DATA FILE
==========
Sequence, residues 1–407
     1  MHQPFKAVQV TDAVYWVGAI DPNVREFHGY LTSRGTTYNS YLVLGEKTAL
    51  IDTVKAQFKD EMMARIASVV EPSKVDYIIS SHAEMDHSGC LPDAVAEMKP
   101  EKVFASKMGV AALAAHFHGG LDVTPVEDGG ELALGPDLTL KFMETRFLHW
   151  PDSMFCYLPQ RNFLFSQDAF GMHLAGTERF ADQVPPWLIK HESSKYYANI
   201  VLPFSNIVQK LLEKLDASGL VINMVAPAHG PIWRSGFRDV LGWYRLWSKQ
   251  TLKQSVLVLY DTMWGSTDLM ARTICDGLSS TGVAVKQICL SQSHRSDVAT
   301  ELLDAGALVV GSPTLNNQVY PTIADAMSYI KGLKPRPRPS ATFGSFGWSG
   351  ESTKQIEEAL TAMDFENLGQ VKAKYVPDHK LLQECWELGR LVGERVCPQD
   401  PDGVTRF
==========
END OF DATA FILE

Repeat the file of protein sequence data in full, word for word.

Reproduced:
Sequence, residues 1–407
     1  MHQPFKAVQV TDAVYWVGAI DPNVREFHGY LTSRGTTYNS YLVLGEKTAL
    51  IDTVKAQFKD EMMARIASVV EPSKVDYIIS SHAEMDHSGC LPDAVAEMKP
   101  EKVFASKMGV AALAAHFHGG LDVTPVEDGG ELALGPDLTL KFMETRFLHW
   151  PDSMFCYLPQ RNFLFSQDAF GMHLAGTERF ADQVPPWLIK HESSKYYANI
   201  VLPFSNIVQK LLEKLDASGL VINMVAPAHG PIWRSGFRDV LGWYRLWSKQ
   251  TLKQSVLVLY DTMWGSTDLM ARTICDGLSS TGVAVKQICL SQSHRSDVAT
   301  ELLDAGALVV GSPTLNNQVY PTIADAMSYI KGLKPRPRPS ATFGSFGWSG
   351  ESTKQIEEAL TAMDFENLGQ VKAKYVPDHK LLQECWELGR LVGERVCPQD
   401  PDGVTRF